The Indian banking industry has turned a full circle since the nationalism of 14 major banks in 1969 to achieve the socialist goals set by the then government headed by Indira Gandhi. The reluctance of those banks to serve the masses and their main focus was on profits forced the Indira Gandhi Government which had the primary motive of ‘Garibi hatao‘, to nationalise the banks so that under the government control, branches can be opened in rural areas and needs of the poor can be met, as many millions of Indians had not tasted the banking services. Further the recruitment and service conditions of employees in a major sector like banking were not in line with the government’s policy of ‘Socialistic Pattern’.
Though the nationalisation was a big event to be celebrated, the speed of banking activity got accelerated after globalisation of Indian economy in 1990s. There was strong need for capital for new ventures and for big corporates both national and international were laying foundations for their industrial units.
The speedy industrial activity was accompanied by other infra-structural activities which needed the help of banks. After two decades of speedy growth of Indian economy, the fissures in the banking system started surfacing in the form of non-performing assets (NPA) which in the recent past have crossed more than several lakhs of crores. A close study reveals that such a dangerous situation has arisen due to the free hands given to bank managements without strict government control. Unscrupulous borrowers who have laundered money from banks have diverted to their non-business activities not only in India but staked abroad. Many have escaped when the banks were caught napping. Now there arises an urgent need not only to recover the bad loans but to streamline the credit disbursals and in short to supervise the entire activities of the banks. Hence the need of the hour is banking reforms. The first step taken towards this direction is ‘mega bank mergers’. Earlier, a few subsidiary banks were merged with State Bank of India. A few months ago, on 1st April 2019, the merger of Dena Bank and Vijaya Bank with Bank of Baroda came into effect. Now to create banks of global level to achieve the target of 5 trillion dollar economy in 2025 warrant this measure. By these mergers, not only geographical synergies but cost energies also that will be achieved must be taken into account. There is no doubt that all banks are over staffed in this digital era. Governance and management also need overhauling. Of course, the government has announced a few measures to make managements better accountable to the board. The prime concern of the government in appointing board members must be to ensure only the professionals with good trade record only must be considered without any kind of political favouritism. However the government instead of having indulged in wholesale mergers as has been done now, it could have tested the waters with slow and steady phased out mergers.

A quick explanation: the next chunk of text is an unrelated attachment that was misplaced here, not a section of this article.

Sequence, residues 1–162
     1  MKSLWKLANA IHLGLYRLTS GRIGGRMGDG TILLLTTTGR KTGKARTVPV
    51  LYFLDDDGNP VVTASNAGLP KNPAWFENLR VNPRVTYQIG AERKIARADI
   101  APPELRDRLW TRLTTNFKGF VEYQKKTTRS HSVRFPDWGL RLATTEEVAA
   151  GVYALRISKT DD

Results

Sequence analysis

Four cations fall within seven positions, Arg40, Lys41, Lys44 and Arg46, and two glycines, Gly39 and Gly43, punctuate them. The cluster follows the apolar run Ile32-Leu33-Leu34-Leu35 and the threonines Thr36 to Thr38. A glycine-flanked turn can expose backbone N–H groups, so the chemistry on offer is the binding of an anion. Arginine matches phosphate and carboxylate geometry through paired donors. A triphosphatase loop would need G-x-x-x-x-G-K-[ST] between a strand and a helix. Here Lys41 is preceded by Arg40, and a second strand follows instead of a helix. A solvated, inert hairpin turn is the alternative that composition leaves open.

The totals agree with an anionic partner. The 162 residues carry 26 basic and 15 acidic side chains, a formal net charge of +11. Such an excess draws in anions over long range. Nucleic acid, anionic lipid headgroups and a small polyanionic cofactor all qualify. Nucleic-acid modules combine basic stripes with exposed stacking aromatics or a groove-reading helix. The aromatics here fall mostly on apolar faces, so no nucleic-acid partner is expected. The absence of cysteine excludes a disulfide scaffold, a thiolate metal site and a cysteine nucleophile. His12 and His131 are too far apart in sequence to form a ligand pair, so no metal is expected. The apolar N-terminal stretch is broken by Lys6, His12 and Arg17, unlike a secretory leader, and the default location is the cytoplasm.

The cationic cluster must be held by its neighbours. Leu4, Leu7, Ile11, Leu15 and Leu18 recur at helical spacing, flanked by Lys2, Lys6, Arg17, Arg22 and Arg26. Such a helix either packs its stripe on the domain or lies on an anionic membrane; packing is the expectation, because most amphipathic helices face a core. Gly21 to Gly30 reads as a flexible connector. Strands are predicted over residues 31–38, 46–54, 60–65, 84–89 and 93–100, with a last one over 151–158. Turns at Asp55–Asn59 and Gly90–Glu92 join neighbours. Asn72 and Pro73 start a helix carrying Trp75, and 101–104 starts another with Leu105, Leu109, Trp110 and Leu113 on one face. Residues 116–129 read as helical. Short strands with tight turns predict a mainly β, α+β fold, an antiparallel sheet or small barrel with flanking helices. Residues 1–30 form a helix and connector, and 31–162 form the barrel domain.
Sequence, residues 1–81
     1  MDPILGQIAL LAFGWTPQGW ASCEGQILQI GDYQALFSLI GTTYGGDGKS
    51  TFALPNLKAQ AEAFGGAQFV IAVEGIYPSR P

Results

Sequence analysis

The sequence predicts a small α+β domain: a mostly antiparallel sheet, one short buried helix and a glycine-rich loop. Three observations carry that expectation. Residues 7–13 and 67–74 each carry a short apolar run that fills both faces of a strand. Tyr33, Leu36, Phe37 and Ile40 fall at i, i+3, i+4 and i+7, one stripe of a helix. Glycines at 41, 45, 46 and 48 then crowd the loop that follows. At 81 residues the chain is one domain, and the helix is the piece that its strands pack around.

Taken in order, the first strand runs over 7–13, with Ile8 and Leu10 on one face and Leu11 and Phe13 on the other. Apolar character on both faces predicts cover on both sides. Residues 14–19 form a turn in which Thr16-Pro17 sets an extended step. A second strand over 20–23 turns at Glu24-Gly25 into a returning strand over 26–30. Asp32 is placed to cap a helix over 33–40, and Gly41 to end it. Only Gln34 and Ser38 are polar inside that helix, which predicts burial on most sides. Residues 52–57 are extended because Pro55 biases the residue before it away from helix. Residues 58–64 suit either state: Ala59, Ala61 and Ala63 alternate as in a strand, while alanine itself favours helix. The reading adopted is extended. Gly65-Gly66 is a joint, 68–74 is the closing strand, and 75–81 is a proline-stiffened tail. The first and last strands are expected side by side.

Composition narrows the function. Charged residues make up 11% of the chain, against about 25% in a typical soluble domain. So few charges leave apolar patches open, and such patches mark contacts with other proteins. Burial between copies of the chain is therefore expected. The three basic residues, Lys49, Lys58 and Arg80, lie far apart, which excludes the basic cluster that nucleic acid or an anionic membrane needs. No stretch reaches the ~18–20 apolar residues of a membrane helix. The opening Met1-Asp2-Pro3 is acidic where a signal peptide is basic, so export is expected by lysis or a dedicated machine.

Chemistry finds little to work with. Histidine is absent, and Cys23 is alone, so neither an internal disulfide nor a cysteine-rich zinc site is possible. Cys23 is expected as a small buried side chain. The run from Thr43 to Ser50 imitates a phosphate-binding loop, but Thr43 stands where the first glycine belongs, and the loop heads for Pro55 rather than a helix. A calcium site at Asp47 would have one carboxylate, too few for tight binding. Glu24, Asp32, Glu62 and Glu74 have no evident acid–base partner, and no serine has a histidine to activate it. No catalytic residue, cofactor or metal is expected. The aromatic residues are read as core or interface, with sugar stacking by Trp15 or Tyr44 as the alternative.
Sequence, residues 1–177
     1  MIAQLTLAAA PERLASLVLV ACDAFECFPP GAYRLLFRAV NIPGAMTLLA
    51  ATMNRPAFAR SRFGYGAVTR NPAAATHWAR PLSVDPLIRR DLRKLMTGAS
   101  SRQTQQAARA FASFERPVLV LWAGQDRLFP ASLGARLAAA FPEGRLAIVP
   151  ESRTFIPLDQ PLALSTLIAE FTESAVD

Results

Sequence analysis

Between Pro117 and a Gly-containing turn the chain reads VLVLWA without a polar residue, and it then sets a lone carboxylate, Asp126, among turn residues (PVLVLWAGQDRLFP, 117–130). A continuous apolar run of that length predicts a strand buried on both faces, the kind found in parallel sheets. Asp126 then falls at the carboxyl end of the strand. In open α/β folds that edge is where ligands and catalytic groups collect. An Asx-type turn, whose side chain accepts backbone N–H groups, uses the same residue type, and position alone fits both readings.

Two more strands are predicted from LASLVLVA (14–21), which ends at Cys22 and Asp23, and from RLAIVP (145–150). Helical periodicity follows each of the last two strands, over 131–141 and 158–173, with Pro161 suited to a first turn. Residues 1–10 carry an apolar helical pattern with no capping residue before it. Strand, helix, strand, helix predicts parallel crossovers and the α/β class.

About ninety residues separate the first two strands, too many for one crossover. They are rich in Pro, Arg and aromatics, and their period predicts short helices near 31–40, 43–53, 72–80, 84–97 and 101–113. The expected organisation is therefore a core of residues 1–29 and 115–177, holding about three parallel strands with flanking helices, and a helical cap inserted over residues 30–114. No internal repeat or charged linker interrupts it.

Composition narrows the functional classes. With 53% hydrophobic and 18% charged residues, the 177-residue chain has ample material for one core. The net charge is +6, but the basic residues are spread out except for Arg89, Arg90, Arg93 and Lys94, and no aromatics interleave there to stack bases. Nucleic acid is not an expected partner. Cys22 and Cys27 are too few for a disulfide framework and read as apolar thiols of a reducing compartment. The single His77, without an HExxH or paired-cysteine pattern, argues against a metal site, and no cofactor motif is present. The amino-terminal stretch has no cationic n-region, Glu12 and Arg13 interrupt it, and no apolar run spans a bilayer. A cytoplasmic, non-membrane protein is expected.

Now the total number of nationalised banks has now downed from 17 to 12. Before infusing with Rs. 70,000 crore, as promised in the Budget 2019-20, the major step of mergers has taken place. However, all these measures seem to be short-term reprieves. Only structural changes will ensure the healthy functioning of banks. But, these kinds of mergers earlier have not yielded any desirable results. To cite an example, the merger of troubled New Bank with Punjab National Bank in 1993 was messy and failed to create significant synergies. The dangers of mergers is that instead of the strong banks lifting the weak, the weak ones may sink the strong. Post-merger performance by Bank of Baroda is downgraded on the fall of its share price from Rs. 150/- a year ago to Rs. 92 now. However, the resilience nature of Indian economy shows silver lining in the dark clouds. Certainly the banking reform is one of measures that must be taken to restore our derailed economy on the tracks of robust growth.
Nationalisation in 1969 and 1980
The Government of India issued the Banking Companies (Acquisition and Transfer of Undertakings) Ordinance, 1969 and nationalised the 14 largest commercial banks with deposits of over Rs 50 crores with effect from the midnight of 19 July 1969. These banks contained 85 percent of bank deposits in the country. Within two weeks of the issue of the ordinance, the Parliament passed the Banking Companies (Acquisition and Transfer of Undertaking) Bill, and it received presidential approval on 9 August 1969.
The following banks were Nationalised in 1969:
Allahabad Bank, Bank of Baroda, Bank of India, Bank of Maharashtra, Central Bank of India, Canara Bank, Dena Bank, Indian Bank, Indian Overseas Bank, Punjab National Bank, Syndicate Bank, UCO Bank, Union Bank, United Bank of India
The following banks were Nationalised in 1980:
Punjab and Sind Bank, Vijaya Bank, Oriental Bank of India, Corporate Bank, Andhra Bank, New Bank of India
Written ByV.V.K. Subburaj..,